The best selling commercial van in the world is going electric, and that could change the entire fleet market. Ford already takes a huge cut of that market, selling almost a quarter of a million Transits in 2019. The company says that it expects around 8 percent of the fleet truck and van market to be electric by 2025, and it wants to make an early push to own that market, too.
While the full details of the new Transit EV—like range, power output, and cost—haven’t been unveiled yet, Ford says this will all come out soon. Perhaps it’ll be a New York Auto Show thing.
“Commercial vehicles are a critical component to our big bet on electrification,” said Jim Farley, COO, Ford Motor Company. “As leaders in this space, we are accelerating our plans to create solutions that help businesses run better, starting with our all-electric Transit and F-150. This Ford Transit isn’t just about creating an electric drivetrain, it’s about designing and developing a digital product that propels fleets forward.”
Ford has some experience in electrified vans, as it offers a Transit Custom PHEV in Europe which has proven popular with the white van crowd. The custom is sized to fit in between the Transit Connect, and the full-sized Transit. It’s about the size of a Mercedes-Benz Metris. We don’t get that one here in the U.S.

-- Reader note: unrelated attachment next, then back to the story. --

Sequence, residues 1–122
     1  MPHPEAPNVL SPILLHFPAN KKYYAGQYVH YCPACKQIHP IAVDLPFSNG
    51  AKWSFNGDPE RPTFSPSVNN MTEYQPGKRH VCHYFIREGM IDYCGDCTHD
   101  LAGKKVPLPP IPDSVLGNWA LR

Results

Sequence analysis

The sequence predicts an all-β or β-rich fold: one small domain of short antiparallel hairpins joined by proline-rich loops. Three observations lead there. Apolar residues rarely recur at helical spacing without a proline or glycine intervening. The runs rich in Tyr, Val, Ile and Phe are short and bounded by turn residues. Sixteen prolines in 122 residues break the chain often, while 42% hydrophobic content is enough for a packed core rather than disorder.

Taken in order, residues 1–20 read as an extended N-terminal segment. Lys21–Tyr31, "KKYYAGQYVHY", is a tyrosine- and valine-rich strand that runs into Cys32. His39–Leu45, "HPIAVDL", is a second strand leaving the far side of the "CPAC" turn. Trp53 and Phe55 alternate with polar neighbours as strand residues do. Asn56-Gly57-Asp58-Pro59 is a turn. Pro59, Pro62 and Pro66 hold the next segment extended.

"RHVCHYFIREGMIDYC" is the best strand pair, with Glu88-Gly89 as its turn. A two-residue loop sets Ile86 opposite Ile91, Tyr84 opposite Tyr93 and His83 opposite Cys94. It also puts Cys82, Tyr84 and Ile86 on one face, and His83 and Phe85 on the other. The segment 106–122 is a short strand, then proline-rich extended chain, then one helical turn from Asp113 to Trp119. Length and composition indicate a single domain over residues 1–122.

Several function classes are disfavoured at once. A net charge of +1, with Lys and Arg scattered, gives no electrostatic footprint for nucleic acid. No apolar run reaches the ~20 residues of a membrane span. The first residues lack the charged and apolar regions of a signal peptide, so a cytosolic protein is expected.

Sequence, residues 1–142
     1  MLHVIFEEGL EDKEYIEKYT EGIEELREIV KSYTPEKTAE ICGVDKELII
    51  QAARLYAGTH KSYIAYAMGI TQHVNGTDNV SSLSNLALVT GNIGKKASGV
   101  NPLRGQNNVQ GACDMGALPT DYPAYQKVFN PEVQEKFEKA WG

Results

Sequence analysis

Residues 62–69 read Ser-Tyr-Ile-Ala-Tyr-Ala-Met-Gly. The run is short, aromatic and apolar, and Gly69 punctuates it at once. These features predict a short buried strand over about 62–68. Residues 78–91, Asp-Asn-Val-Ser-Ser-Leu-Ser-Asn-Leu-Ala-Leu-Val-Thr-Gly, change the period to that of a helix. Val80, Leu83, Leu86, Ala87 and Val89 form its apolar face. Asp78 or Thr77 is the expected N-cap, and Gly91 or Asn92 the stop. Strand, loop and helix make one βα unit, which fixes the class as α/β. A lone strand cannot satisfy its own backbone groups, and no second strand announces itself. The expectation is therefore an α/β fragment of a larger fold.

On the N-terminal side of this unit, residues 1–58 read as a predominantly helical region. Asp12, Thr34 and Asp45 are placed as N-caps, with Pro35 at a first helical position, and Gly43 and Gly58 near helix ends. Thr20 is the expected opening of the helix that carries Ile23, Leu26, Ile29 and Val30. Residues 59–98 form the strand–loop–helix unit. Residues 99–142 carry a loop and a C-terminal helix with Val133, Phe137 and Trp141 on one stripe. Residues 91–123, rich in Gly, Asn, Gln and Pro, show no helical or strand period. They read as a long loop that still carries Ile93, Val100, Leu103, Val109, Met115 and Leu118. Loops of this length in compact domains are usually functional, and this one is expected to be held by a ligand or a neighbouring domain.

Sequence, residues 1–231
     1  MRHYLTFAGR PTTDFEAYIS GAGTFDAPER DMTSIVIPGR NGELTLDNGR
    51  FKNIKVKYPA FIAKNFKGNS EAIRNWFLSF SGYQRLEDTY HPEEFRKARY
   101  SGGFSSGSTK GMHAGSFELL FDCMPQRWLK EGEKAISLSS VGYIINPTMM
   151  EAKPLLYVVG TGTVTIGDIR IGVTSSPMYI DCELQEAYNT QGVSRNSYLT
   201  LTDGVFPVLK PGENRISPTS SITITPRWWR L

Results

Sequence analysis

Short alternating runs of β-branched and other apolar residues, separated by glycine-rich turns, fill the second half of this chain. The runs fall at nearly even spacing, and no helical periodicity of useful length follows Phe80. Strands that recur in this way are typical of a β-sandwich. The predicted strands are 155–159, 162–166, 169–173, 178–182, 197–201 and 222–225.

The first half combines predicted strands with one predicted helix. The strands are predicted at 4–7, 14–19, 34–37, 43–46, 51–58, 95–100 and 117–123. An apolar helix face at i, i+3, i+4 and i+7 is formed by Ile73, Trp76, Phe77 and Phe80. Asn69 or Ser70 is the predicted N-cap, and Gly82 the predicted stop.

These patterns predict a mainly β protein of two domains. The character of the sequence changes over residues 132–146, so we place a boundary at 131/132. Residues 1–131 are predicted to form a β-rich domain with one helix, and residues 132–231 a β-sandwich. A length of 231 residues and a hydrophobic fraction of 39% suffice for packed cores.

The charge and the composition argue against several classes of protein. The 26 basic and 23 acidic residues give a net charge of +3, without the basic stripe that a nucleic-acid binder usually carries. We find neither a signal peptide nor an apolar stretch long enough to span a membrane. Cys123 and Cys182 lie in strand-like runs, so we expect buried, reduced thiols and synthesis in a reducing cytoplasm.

The electric Transit will be direct competition to the Rivian-built Amazon van (also backed by Ford), and the new Arrival van backed by Hyundai. With Ford’s already dominant fleet truck and van distribution network, and a familiar form-factor, it hopes that it will be able to grab customers transitioning from gasoline to electric.
I think that if Ford can get the range of this thing up to about 200 miles or so, it will be more than functional as a daily delivery vehicle for a number of different businesses. Your local plumber or florist could certainly use one, as well as a number of parcel delivery services. Most routes are going to come in under that range number, and the van can be delivered back to a hub for overnight charging.
Much like pornography’s role in the transition to VHS over Betamax or BluRay over HD DVD, if the commercial van market transitions to battery electric instead of hydrogen, that could be just the tipping point that the consumer market needs. If enough of these big vans with batteries sell, it could help the cost of the battery metallurgy come down enough to produce viable fast charging and longer range.